The Victorian government will give building owners more time to bring claims against builders that installed combustible cladding on their structures.
The two-year extension to The Cladding Safety Victoria Bill, presented by the state government last July, will extend the timeframe homeowners have to go after builders to 12 years.
This extension will cover claims in which the claim period expired or is set to lapse between the date of the government’s announcement of the cladding rectification program—16 July 2019—and one year following the commencement of the new bill.
The bill, presented at Parliament last week, will form a formal separation between Cladding Safety Victoria, the agency that facilitates the state’s $600 million rectification program, from the Victorian Building Authority regulator and render it an individual agency.
Minister for planning Richard Wynne said that apartment owners are entitled to more time, and that Cladding Safety Victoria is enacting its $600 million world-first program to repair hundreds of buildings in Victoria built with high risk cladding.
In 2014, the Melbourne Docklands Lacrosse apartment building in Victoria was set afire after a discarded cigarette caused a blaze.
After London’s 2017 Grenfell Tower fire claimed 72 lives, the issue of flammable external cladding was taken into consideration—inspiring a senate inquiry in 2017 that investigated non-conforming building products.
In 2017, prime minister Malcolm Turnbull requested premiers and chief ministers to audit high-rise structures on the issue of non-conforming combustible cladding.
In 2018, planning minister Richard Wynne presented revised ministerial guidelines that were issued to building surveyors while a taskforce was established to review the presence of non-compliant cladding on Victorian structures.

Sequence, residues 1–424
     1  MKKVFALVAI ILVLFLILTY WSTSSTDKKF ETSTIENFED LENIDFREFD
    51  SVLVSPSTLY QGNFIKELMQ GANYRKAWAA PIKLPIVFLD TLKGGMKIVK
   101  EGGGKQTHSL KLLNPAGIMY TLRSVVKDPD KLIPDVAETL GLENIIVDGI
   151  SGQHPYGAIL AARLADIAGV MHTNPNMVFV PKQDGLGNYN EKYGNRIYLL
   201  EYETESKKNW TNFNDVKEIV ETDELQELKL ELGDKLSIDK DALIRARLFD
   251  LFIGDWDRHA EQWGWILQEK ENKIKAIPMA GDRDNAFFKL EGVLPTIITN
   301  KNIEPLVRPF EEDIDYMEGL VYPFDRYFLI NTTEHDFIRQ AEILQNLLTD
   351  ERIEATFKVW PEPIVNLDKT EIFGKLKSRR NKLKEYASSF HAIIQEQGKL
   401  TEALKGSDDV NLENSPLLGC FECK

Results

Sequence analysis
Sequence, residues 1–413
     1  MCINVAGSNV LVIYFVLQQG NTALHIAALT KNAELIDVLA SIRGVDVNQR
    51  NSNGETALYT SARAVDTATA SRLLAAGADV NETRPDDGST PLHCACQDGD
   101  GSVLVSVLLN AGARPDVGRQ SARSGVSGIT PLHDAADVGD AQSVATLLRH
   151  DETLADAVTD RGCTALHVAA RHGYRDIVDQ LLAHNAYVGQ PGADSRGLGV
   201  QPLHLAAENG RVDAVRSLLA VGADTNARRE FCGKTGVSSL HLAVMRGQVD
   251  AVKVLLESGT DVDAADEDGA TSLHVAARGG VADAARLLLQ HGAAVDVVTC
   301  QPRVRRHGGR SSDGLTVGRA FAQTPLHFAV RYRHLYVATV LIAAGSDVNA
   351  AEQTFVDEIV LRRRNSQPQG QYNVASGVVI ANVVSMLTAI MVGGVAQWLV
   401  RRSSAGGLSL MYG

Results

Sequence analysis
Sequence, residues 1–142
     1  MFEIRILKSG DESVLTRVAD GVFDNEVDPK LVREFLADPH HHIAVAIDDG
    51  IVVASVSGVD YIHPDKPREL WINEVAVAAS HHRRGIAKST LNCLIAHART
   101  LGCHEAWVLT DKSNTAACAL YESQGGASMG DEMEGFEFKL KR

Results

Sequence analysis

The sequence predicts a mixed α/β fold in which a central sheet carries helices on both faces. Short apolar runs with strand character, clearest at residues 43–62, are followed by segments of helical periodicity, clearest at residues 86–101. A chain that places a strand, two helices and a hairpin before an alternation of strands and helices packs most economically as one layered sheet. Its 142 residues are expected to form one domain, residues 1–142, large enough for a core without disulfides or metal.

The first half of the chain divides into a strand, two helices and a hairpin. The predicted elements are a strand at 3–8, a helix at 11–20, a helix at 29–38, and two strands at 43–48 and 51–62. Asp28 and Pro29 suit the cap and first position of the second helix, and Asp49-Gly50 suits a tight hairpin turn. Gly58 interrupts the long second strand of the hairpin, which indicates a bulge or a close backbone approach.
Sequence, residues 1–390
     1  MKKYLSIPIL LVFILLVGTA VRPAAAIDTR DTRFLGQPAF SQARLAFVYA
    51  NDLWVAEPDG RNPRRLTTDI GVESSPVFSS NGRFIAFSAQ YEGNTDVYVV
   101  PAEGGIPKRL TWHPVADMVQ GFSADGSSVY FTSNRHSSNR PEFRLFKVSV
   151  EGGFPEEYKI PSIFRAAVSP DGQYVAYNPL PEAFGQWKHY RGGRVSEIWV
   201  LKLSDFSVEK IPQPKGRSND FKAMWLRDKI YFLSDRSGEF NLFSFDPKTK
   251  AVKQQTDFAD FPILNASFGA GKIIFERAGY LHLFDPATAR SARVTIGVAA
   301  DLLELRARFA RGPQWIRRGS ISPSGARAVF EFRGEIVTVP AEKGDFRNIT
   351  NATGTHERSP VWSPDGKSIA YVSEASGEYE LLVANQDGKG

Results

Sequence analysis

In January 2019, the 43-storey Neo200 tower in central Melbourne was set afire, damaging a half dozen apartments.
While the structure had 1.5 per cent of its facade coated in combustible polyethylene-core cladding, the increasing number of problematic issues prompted the state government to present a $600 million fund to modify buildings with “high-risk” cladding in the middle of the year.
Premier Daniel Andrews promised to pay half of the $600 million required to fix cladding on 432 “high-risk” privately owned structures, also fixing a situation in which owners were stuck with valueless apartments.
The federal government, or the development industry, would pay $300 million by initiating modifications to the building permit levy.
RMIT University studies indicated that the price for rectification could catapult upward to $4.9 billion if the focus trained on bigger apartment buildings was handled badly.
Their report found that the lowest-cost scenario was $573 million for well-maintained modification of smaller scale buildings.
The Victorian Building Authority has inspected more than 2,500 buildings since its inception in 2017, with more than 800 discovered to bear aluminum composite panels or expanded polystyrene.
Source: Urban Developer.Com